She lives right here in Laguna Beach-" Nancy was a sketch artist who worked for Special Projects and had a gift for hearing and correctly interpreting the nuances in a witness's description of a suspect. Her pencil sketches often proved to be astonishingly good portraits of the perps when they were at last cornered and hauled into custody.

“-you describe this kid to her, she draws him, and we take the sketch to the Laguna police, see if they know the little creep.”

Harry said, “What if they don't?”

ø “Then we start knocking on doors, showing the sketch.”

“Doors? Where?”

“Houses and apartments within a block of where you ran into him. It's possible he lives in that immediate area. Even if he doesn't live there, maybe he hangs out there, has friends in the neighborhood-” “This kid has no friends.”

“r relatives. Someone might recognize him.”

“People aren't going to be real happy, we go knocking on their doors in the middle of the night.?”

Connie grimaced. “You want to wait for dawn?”

“Guess not.”

The band was returning for their final set.

Connie chugged the last of her coffee, pushed her chair back, got up, took some folding money from one coat pocket, and threw a couple of bills on the table.

“Let me pay half,” Harry said.

“My treat.”

“No, really, I should pay half.”

She gave him an areyounuts look.

“I like to keep accounts in balance with everyone. You know that,” he explained.

“Take a walk on the wild side, Harry. Let the accounts go out of balance. Tell you whatif dawn comes and we wake up in Hell, you can buy breakfast.”

She headed for the door.

When he saw her coming, the host in the Armani suit and hand painted silk tie scurried into the safety of the kitchen.

Following Connie, Harry glanced at his wristwatch. It was twentytwo minutes past one o'clock in the morning.

Dawn was perhaps five hours away.

Padding through the night town. People in their dark places all drowsy around him.

He yawns and thinks about lying under some bushes and sleeping.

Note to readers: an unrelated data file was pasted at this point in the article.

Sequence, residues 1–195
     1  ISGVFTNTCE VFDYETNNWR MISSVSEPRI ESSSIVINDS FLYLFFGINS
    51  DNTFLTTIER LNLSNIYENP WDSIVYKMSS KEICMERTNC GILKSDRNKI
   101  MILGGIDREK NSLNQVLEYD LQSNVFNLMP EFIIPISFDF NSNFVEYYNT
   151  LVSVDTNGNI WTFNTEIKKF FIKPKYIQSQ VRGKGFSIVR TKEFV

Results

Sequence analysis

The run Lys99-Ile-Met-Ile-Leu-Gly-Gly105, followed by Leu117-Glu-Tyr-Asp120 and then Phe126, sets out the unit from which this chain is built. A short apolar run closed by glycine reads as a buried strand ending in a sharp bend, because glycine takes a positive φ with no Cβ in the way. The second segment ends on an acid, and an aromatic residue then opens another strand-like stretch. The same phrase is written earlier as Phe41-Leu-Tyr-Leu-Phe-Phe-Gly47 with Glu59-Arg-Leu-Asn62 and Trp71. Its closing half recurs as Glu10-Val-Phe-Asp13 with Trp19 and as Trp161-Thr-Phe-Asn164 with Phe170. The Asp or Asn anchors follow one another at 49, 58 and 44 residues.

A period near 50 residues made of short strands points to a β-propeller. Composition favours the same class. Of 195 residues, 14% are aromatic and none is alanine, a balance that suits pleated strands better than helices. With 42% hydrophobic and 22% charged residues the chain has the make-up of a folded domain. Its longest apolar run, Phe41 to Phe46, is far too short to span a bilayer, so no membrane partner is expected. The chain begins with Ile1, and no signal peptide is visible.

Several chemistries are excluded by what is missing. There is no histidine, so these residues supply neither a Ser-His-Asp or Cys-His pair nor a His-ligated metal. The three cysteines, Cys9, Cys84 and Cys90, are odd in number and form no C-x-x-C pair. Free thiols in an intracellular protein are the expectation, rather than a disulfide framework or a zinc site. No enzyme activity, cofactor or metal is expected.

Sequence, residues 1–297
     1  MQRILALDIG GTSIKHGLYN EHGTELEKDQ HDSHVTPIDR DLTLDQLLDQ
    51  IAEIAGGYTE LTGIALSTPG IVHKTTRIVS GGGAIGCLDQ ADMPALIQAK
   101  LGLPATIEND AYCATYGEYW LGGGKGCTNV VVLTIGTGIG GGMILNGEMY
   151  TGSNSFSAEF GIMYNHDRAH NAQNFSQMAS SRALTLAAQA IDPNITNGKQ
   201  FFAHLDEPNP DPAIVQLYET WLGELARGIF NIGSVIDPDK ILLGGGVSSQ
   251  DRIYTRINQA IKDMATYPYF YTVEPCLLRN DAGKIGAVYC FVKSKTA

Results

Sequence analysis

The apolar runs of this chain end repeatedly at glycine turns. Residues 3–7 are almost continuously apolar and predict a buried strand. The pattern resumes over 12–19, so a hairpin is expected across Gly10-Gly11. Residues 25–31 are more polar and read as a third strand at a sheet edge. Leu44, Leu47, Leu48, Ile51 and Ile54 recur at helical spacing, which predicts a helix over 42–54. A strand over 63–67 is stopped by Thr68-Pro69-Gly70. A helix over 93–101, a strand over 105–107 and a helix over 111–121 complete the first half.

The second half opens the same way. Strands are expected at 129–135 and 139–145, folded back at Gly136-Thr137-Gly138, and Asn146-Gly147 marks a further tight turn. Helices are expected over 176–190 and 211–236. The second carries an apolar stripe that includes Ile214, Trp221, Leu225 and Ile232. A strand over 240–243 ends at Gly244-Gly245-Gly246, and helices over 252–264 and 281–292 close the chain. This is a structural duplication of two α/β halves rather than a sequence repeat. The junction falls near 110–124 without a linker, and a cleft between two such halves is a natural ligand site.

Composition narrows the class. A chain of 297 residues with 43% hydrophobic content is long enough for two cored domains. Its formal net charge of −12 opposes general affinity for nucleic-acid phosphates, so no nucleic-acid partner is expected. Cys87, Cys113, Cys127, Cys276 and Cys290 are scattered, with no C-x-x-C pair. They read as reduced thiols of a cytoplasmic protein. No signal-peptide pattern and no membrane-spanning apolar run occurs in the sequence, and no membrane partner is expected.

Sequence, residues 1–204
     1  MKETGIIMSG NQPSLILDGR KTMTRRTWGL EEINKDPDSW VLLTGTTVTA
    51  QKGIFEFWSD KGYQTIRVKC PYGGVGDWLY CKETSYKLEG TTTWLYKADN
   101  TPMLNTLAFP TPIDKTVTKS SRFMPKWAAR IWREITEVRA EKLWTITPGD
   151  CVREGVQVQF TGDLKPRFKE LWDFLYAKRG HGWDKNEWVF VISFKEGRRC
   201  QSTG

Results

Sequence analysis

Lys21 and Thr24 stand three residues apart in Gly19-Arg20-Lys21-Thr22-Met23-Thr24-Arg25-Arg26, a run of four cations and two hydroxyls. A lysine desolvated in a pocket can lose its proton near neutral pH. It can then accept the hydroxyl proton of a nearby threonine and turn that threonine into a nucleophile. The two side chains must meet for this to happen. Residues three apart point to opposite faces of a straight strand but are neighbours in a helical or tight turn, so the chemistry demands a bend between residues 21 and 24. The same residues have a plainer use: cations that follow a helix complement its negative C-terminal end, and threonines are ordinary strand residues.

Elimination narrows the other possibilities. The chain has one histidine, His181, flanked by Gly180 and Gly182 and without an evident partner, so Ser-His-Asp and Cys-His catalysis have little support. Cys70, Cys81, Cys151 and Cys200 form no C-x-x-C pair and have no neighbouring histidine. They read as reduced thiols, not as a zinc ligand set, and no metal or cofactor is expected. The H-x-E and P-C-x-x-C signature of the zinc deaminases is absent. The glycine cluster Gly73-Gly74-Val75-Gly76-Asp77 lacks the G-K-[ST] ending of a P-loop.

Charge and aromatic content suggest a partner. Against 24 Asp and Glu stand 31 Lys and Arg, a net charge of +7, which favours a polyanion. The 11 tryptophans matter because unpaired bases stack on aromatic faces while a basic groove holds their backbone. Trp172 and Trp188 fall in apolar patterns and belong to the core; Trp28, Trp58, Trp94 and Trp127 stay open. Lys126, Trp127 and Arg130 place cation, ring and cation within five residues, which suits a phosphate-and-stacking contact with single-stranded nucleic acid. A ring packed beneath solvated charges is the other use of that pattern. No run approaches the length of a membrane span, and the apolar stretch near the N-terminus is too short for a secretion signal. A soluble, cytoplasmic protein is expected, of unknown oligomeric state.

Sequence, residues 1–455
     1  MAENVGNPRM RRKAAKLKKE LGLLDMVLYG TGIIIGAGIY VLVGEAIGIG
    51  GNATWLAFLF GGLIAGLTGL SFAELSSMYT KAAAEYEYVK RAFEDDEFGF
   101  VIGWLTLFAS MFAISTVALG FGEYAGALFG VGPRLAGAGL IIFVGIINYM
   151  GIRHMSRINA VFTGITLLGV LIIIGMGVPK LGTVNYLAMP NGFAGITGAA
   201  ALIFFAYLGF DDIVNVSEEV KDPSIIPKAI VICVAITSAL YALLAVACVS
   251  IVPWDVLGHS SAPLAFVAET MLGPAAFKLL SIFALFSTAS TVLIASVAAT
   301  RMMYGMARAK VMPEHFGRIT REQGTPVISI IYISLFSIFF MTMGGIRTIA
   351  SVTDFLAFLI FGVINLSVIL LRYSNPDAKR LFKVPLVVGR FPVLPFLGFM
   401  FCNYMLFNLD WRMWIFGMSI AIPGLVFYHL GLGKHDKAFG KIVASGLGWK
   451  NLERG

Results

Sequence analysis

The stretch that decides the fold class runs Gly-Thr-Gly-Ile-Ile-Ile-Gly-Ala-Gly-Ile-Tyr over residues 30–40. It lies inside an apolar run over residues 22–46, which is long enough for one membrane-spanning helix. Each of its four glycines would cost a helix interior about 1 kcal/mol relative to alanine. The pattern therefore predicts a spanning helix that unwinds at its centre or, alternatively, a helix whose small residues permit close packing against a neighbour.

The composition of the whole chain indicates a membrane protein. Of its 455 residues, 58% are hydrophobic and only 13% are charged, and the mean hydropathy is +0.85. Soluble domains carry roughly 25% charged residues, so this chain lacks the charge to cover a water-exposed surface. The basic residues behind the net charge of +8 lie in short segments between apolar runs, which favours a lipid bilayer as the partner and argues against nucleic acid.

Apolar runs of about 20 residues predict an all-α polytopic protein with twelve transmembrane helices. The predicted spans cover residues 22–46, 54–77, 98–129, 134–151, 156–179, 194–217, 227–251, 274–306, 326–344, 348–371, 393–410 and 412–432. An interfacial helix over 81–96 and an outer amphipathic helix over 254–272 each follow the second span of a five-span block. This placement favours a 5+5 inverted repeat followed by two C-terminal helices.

There's another world when he sleeps, a nice world where he has a family that lives in a warm place and welcomes him there, feeds him every day, plays with him anytime he wants to play, calls him Prince, takes him with them in a car and lets him put his head out the window in the wind with his ears flappingfeels good smells coming at him dizzyfast, yes yes yesand never kicks him.

It's a good world in sleep, even though he can't catch the cats there, either.

Then he remembers the youngmanbadthing, the black place, the people and animal eyes without bodies, and he isn't sleepy any more.

He's got to do something about the bad thing, but he doesn't know what.

He senses it is going to hurt the woman, the boy, hurt them bad. It has much anger. Hate. It would set their fur on fire if they had fur.

He doesn't know why. Or when or how or where. But he must do something, save them, be a good dog, good.


Do something.



Until he can think what to do about the bad thing, he might as well look for some more food. Maybe the smiling fat man left more good scraps for him behind the people food place. Maybe the fat man is still there in the open door, looking this way and that way along the alley, hoping to see Fella again, thinking he would like to take Fella home, give him a warm place, feed him every day, play with him anytime he wants to play, take Fella for rides in cars with his head sticking out in the wind.

Hurrying now. Trying to smell the fat man. Is he out in the open?


Sniffing, sniffing, he passes a rustsmelling, greasesmelling, oil smelling car parked in a big empty space, and then he smells the woman, the boy, even through the closed windows. He stops, looks up.

Boy sleeping, can't be seen. Woman leaning against door, head against window. Awake, but she does not see him.

Maybe the fat man will like the woman, the boy, will have room for all of them in his nice warm people place, and they can play together, all of them, eat when they want, go for rides in cars with their heads sticking out windows, smells coming at them dizzyfast.

Yes yes yes yes yes yes. Why not? In the sleep world, there is a family Why not in this world, too?

He is excited. This is good. This is really good. He feels the wonderful thing around the corner, wonderful thing coming that he always knew was out there somewhere. Good. Yes. Good. Yes yes yes yes yes.

The people food place with the fat man waiting is not far from the car, so maybe he should bark to make the woman see him, then lead her and the boy to the fat man.

Yes yes yes yes yes yes.